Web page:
To Soldiers of the United States
Mariano Arista

April 20, 1846.

SOLDIERS! You have enlisted in a time of peace to serve in that army for a specific time; but your obligations never implied that you were bound to violate the laws of God, and the most sacred right of friends. The United States Government, contrary to the wishes of a majority of all honest and honorable Americans, has ordered you to take forcible posession of the territory of a friendly neighbor, who has never given her consent to such occupation. In other words, while the treaty of peace and commerce between Mexico and the United States is in full force, the United States, presuming on her strength and prosperity, and on our supposed imbecility and cowardice, attempts to make you the blind instruments of her unholy and mad ambition, and force you to appear as the hateful robbers of our dear homes, and the unprovoked violators of our dearest feelings as men and patriots. Such villainy and outrage I know is perfectly repugnant to the noble sentiments of any gentleman, and it is base and foul to rush you on to certain death, in order to aggrandise a few lawless individuals in defiance of the laws of God and man.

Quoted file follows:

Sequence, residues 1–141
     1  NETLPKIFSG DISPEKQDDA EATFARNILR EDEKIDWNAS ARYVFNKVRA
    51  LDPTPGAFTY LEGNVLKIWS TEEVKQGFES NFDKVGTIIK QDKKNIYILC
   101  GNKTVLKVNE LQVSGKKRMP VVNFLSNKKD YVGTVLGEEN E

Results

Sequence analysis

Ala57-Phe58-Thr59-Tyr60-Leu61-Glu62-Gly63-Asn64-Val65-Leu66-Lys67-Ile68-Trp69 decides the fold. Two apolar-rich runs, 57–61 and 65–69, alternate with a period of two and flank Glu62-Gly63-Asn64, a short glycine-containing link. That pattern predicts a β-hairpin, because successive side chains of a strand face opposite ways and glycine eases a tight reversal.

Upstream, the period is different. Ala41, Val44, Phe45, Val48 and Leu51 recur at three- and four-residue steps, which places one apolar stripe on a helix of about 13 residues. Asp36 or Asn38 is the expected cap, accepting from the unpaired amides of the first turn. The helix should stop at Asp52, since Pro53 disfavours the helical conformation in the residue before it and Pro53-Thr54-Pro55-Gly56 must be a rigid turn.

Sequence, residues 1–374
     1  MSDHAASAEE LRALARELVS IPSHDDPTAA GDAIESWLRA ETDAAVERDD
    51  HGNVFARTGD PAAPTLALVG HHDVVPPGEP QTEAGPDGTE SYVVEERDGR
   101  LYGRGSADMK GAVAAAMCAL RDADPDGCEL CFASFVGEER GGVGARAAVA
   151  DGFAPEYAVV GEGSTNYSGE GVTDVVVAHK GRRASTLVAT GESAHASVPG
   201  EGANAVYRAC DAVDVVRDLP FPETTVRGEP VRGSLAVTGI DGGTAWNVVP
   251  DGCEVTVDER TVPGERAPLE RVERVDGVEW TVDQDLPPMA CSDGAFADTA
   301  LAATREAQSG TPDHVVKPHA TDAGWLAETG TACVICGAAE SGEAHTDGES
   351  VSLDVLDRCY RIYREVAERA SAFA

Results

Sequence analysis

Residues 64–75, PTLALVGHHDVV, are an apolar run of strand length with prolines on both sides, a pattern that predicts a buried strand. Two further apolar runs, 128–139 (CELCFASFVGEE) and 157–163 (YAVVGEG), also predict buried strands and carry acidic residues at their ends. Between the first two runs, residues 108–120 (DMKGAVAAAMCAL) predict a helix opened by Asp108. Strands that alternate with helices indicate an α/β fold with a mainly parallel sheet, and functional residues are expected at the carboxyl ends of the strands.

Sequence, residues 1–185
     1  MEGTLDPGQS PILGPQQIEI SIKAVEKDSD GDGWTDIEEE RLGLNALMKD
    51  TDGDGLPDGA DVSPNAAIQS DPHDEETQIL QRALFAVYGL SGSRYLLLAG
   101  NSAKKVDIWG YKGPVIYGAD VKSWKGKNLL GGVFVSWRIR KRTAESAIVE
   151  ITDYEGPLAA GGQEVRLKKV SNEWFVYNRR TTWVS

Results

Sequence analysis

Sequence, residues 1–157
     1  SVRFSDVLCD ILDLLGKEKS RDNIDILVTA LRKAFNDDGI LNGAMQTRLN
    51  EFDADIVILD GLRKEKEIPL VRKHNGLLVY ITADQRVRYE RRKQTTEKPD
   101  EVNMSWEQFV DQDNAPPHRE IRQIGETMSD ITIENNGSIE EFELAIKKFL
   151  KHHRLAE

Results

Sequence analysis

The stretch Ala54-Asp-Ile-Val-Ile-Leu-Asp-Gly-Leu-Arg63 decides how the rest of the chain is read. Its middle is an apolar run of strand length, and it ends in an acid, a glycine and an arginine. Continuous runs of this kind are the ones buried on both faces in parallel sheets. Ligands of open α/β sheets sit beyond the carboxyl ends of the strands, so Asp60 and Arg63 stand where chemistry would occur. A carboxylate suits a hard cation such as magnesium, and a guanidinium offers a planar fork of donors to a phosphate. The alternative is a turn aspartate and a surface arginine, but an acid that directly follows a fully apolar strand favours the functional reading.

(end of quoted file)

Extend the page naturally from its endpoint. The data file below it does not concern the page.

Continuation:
It is to no purpose if they tell you that the law for the annexation of Texas justifies your occupation of the Rio Bravo del Norte, for by this act they rob us of a great part of Tamaulipas, Coahuila, Chihuaha, and New Mexico; and it is barbarous to send a handful of men on such an errand against a powerful and warlike nation. Besides, most of you are Europeans, and we are declared friends of most of the nations of Europe. The North Americans are ambitious, overbearing, and insolent as a nation, and they will only make use of you as vile tools to carry out their abominable plans of pillage and rapine.

I warn you in the name of justice, honor, and your own interests and self-respect, to abandon their desperate and unholy cause, and become peaceful Mexican citizens. I guarantee you in such a case a half-section of land, or three hundred and twenty acres, to settle upon gratis. Be wise then, and just, and honorable, and take no part in murdering us who have no unkind feelings for you. Lands shall be given to officers, sergeants, and corporals, according to rank, privates receiving three hundred and twenty acres as stated.

If in time of action you wish to espouse our cause, throw away your arms and run to us, and we will embrace you as true friends and Christians. It is not decent or prudent to say more. But should any of you render important service to Mexico, you shall be accordingly considered and preferred.

M. Arista,
Commander-in-Chief of the Mexican Army.


Memoirs of a Maryland Volunteer. War with Mexico in the years 1846-7-8 by John R. Kenly
J. B. Lippincott & Co., Philadelphia, 1873, pages 40-41